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Gear Guide Boot Buying Guide, OutdoorPlaces.Com



OutdoorPlaces.Com Boot Buying Gear Guide - Construction - Materials



Split Grain


Full Grain


Synthetic materials on boots come in a wide variety of types and quality.  Ranging from simple nylon materials found on sneakers, which offer little in the way of waterproof protection or durability, to Gore-Tex which affords the best possible waterproof qualities, with durability and breathability.  Light synthetic materials are fine for Trail Runners and Technical Scramblers, while Gore-Tex is ideal for trail shoes.  Synthetics vary greatly in price, with simple nylons being very reasonable, to Gore-Tex which will tip the scales as very expensive.

Split Grain Leather
Split grain leather is when the leather hide after treatment has been split, like a layer of cardboard and the inner part of the hide is removed.  Lighter and more breathable than full grain leather or nubuk (suede) leather, it is not as durable and even when treated affords less margin for waterproofing.  An acceptable choice for Trail Runners, Technical Scramblers, and On Trail boots, but not advised for more rugged conditions.

Nubuk Leather (suede)
Nubuk leather or suede materials are full grain leather that has had the outside abraded or sanded to give it a supple feel and look.  Typically this is done to hide cosmetic blemishes in the hide material.  More durable than split grain leather, buy the nature of it's rough surface, it hides minor abrasions well.  However the expanded surface area by the soft outside surface reduces it's ability to repel water.

Full Grain Leather
Full grain leather simply means that the full hide is used and the surface, other than standard tanning and dying has not been sanded, and the inner part of the hide was not removed.  Full Grain Leather is the most expensive of the natural materials because the full hide is used, and the hide quality is finer than Nubuk or suede.  It is the most durable, offers the most waterproof capabilities of natural material (Gore-Tex is best) and will last the longest.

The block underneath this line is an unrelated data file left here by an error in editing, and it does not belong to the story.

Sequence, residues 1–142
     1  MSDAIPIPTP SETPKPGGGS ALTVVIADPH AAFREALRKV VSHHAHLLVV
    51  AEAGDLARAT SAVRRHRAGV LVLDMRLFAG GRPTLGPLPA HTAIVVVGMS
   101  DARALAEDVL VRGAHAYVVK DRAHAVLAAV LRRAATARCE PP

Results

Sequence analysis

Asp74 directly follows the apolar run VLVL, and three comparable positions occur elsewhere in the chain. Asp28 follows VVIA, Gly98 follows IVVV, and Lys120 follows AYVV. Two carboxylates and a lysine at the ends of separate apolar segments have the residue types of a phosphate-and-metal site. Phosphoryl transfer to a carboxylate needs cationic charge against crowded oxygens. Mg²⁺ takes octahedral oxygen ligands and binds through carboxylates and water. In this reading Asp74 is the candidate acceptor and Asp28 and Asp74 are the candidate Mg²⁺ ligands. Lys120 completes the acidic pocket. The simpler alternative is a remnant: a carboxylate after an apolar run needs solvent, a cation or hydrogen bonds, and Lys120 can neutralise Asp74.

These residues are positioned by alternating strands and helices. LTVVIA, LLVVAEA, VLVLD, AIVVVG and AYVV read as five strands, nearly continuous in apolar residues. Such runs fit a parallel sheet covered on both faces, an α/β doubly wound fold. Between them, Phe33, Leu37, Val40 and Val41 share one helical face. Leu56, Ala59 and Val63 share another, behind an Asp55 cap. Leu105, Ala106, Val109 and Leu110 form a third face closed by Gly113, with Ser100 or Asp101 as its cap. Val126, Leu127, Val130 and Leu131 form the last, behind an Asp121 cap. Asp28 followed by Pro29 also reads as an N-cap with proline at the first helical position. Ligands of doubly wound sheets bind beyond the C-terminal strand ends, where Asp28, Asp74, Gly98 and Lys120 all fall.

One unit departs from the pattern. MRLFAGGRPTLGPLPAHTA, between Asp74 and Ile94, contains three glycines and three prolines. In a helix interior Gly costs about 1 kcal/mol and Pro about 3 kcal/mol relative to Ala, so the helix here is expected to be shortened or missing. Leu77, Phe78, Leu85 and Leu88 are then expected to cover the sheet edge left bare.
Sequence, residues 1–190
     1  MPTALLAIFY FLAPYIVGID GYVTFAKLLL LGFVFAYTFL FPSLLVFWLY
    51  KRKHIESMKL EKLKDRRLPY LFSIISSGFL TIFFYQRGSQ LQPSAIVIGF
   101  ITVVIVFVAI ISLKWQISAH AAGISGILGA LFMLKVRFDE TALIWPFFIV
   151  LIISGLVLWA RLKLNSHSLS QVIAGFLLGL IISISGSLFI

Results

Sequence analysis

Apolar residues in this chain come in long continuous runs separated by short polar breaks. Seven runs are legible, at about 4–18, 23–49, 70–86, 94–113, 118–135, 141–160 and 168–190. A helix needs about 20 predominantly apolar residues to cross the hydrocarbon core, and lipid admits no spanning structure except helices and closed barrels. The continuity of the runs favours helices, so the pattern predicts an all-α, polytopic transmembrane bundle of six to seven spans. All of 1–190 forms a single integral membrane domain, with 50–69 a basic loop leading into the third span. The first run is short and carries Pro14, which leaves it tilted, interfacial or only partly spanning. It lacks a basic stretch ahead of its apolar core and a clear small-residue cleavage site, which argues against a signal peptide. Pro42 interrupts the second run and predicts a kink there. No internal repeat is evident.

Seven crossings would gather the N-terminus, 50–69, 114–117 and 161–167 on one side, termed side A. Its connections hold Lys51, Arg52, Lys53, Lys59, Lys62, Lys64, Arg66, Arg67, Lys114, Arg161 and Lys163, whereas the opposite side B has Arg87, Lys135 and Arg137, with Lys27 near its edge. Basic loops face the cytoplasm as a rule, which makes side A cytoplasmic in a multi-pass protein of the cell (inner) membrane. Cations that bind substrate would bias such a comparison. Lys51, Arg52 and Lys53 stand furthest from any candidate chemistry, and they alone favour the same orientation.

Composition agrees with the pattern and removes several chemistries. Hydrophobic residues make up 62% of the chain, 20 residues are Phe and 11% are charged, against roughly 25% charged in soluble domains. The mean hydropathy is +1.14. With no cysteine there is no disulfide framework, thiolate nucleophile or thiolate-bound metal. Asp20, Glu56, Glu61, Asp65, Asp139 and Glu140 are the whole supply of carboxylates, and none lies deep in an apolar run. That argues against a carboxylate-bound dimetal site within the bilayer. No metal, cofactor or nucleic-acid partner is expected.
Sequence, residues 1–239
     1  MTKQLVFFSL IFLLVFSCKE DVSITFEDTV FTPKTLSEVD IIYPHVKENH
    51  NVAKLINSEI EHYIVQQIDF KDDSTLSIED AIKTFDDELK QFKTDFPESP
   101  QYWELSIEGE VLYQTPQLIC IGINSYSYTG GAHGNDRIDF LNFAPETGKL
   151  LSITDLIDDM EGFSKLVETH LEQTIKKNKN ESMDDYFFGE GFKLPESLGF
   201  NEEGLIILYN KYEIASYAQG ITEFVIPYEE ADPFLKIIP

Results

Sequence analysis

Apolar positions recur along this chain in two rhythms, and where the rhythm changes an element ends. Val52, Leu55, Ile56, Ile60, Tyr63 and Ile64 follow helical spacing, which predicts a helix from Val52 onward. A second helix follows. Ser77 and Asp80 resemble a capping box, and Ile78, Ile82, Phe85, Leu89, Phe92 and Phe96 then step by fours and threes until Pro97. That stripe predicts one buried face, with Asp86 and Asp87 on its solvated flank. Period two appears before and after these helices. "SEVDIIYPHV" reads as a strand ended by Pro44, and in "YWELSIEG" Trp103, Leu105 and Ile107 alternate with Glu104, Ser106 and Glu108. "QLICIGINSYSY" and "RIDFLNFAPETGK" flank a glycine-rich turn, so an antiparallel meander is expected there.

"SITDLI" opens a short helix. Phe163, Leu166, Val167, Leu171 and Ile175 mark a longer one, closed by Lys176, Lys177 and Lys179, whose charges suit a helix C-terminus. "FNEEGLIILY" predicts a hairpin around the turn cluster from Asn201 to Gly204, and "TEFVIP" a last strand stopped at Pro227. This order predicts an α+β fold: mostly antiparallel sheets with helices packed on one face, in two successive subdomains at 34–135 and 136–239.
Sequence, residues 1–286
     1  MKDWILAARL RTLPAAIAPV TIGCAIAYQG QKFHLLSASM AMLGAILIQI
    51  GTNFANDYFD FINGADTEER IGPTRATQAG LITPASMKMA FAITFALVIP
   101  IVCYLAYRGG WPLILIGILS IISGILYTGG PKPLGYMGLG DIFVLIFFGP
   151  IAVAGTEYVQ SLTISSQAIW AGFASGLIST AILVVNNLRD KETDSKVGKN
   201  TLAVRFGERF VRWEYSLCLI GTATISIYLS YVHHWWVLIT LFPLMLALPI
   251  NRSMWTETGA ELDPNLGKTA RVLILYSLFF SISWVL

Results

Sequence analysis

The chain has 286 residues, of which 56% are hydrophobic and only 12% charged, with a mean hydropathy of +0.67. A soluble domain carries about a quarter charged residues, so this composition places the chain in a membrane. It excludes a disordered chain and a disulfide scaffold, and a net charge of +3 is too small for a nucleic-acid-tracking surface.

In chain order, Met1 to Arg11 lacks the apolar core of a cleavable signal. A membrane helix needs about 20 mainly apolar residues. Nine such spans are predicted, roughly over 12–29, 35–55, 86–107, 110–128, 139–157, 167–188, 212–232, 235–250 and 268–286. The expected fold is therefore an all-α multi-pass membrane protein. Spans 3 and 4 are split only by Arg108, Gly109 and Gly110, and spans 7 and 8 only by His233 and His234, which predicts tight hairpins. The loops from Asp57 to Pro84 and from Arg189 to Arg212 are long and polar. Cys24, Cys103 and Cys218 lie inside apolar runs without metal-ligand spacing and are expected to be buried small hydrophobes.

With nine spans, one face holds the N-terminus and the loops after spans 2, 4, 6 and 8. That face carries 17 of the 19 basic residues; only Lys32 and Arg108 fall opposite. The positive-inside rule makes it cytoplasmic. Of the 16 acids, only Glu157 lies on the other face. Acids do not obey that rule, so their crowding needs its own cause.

OutdoorPlaces.Com Boot Buying Gear Guide - Construction - Soles

Generally speaking soles are made from a wide range of synthetic material and have a variety of tread patterns, depths, and lug design for giving traction to you on the trail.  No specific tread design is superior to others.  If you are going to be hiking in muddy conditions, wide gaps in the lugs and tread pattern will help prevent clogging with mud, negating your traction.  Conversely, those who take an extreme view on Leave No Trace, may feel that a deep lug pattern is too damage to a trail.

Things to look for in a sole are reinforced heels (for long life), a flexible mid-sole (bends at the middle) for comfort, a protective rand that extends from the sole over the toes of the shoe for additional waterproof qualities and to protect boot the boot and your toes from rocks and abrasion.  Finally, boots that have "sealed" mid-soles, that is a protective covering along the line where the sole attaches to the upper, affords a higher level of waterproof ability and protects the boot material at a vulnerable spot where the leather comes out wider than the sole, and is exposed to the potential of getting cut.

Cemented Welt Soles
The welt is where the sole is attached to the uppers.  Cemented welts use adhesive to hold the sole to the boots.  Modern adhesives have advanced greatly and are extremely reliable.  Because a quality boot offers a sealed seam around the perimeter of the sole, it has a natural waterproof ability.  Cemented welts are relatively easy to repair at a quality shop.  Cemented welts are also much lighter than stitched welts.

Stitched Welt Soles
A stitch welt is when the sole is sewed to the upper.  Anyone who has in the military will remember the stitching at the base of their combat boots that would tend to trap black shoe polish and took some initial skill in learning to work around.  Stitch welt boots until recent improvement in adhesives was considered the mark of quality.  Because they don't have a continuous seal around the sole of the boot, it is a potential entry point for water, and the exposed stitching is more liable to be cut or wear out.  However, stitch welt boots are very easy to repair.  Some manufacturers will use both techniques and cement a stitched welt.

Deep Wide Lugs For Traction

Protective Rand Over The Toe

Sealed Mid-Sole

Stiff Sole For Heavy Loads

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